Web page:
A conference is held in Berkhamsted every year to discuss the huge volume of Greene's novels and other writings and the many films based on them. Greene was born in a building of the Berkhamsted School, one of six children in a large, prosperous and intermarried family.
He boarded at the Berkhamsted School, where his father was made headmaster. He was bullied and unhappy, and frequently depressed. He was sent to London for psychoanalysis in 1920, which was unusual at the time. He tried to kill himself several times. Doubtless unconnected with his depression, he attended Balliol College, Oxford. Also, surely unconnected with his Balliol affiliation, he (briefly) joined the Communist Party.
He began his career as a reviewer and essayist. An avowed atheist, he had been questioning his faith since his days at boarding school. He wrote:
So faith came to one—shapelessly, without dogma, a presence above a croquet lawn, something associated with violence, cruelty, evil across the way. I began to believe in heaven because I believed in hell, but for a long while it was only hell I could picture with a certain intimacy.Garrison Keillor describes Greene's marriage as follows:
When he was 21 years old, [Greene] wrote an essay referring to Catholics as people who "worship" the Virgin Mary. He received an indignant reply from a young woman named Vivien Dayrell-Browning, explaining that Catholics did not worship the Virgin Mary, they venerated her. He wrote her back, they met, and Greene was smitten. Unfortunately, Dayrell-Browning was a very devout Catholic, and she had several more eligible men courting her. But Greene was stubborn. He wrote her no less than 2,000 letters and postcards, sometimes three a day. And he converted to Catholicism. How much of his conversion was influenced by his future wife, and how much by other spiritual motives, no one knows for sure. But he became a Catholic, married Vivien, and went on to write novels about characters struggling to reconcile their faith with the rest of their lives.Greene's first novel, The Man Within (1929) was sufficiently successful that he was able to earn a living writing novels, all of which deal with questions of morality. About ten years into his marriage, Greene had an affair, the first of many. He and his wife separated, but never divorced.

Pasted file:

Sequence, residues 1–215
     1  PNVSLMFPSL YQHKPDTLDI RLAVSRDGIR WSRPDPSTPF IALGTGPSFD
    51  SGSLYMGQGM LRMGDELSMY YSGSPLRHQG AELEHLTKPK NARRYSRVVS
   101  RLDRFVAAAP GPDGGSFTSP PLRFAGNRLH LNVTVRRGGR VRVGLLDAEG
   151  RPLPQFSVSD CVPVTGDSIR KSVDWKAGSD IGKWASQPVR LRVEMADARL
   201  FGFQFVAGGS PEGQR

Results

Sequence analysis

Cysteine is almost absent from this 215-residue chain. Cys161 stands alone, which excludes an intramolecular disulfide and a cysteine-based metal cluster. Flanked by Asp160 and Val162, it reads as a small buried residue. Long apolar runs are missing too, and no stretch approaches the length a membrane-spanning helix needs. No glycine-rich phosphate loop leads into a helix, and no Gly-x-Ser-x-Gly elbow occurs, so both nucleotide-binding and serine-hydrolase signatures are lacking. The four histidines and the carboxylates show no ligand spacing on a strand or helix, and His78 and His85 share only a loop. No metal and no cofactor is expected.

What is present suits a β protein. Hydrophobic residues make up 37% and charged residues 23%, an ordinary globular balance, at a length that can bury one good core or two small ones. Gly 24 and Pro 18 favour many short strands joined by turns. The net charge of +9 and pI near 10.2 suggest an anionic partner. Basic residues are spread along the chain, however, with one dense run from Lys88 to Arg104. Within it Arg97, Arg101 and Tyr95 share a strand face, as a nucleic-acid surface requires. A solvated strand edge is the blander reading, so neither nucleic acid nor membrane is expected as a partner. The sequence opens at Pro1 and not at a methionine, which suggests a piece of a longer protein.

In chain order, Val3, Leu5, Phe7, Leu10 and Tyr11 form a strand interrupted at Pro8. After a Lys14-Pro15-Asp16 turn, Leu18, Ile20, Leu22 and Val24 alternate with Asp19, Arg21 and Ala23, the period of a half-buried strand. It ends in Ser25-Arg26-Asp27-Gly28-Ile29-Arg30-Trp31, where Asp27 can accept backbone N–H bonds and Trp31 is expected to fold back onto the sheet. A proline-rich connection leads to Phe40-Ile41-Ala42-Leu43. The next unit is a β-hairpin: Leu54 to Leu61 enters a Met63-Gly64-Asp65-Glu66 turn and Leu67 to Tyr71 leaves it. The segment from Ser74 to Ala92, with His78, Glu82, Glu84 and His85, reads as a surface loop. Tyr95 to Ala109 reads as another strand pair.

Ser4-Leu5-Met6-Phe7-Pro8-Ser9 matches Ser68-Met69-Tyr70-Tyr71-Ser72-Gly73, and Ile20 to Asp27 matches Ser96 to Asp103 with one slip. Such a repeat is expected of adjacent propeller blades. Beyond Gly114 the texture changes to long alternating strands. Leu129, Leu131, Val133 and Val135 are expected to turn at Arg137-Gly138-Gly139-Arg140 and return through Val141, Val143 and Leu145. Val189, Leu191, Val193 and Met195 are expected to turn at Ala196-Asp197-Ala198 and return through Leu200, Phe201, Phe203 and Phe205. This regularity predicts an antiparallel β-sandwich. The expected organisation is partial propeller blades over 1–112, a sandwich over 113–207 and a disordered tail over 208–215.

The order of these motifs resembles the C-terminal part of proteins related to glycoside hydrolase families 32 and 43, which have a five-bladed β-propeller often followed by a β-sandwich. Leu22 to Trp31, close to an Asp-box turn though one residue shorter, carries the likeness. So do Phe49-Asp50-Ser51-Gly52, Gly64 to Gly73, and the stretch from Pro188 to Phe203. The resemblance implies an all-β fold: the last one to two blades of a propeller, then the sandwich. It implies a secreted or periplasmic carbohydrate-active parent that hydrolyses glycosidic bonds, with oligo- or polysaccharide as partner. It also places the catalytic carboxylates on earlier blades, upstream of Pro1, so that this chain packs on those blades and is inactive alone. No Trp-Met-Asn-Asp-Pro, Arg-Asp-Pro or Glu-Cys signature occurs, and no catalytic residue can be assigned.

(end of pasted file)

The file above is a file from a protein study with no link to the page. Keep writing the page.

The Power and the Glory (1940) is a novel about an old Mexican priest. He calls himself a "whisky priest" and looks back on a life of drinking and other misdeeds including fathering a child with one of his parishioners. At the end of his life, he is living on the run, practicing his faith despite the new revolutionary government's outlawing Catholic sacraments.
The Power and the Glory was so popular that it attracted the attention of the Vatican, which appointed two different people to review it and decide whether the Church should take an official position. The two readers had similar reactions to the novel. One wrote: "Odd and paradoxical, a true product of the disturbed, confused, and audacious character of today's civilization. For me, the book is sad." They thought it should never have been written, but they also knew it would look bad for the Church to officially condemn it, since Greene was the most famous Catholic writer in England. Instead, they recommended that Greene's bishop privately scold him for it and direct Greene "to write other books in a different tone, attempting to correct the defects of this one." Greene did nothing of the sort, and continued to write about characters struggling with their own moral failings and their Catholicism in novels like The Heart of the Matter (1948) and The End of the Affair (1951), which he dedicated to his mistress.Greene's other novels include Brighton Rock (1938), The Third Man (1949), The Quiet American (1955), The Comedians (1966), and The Honorary Consul (1973).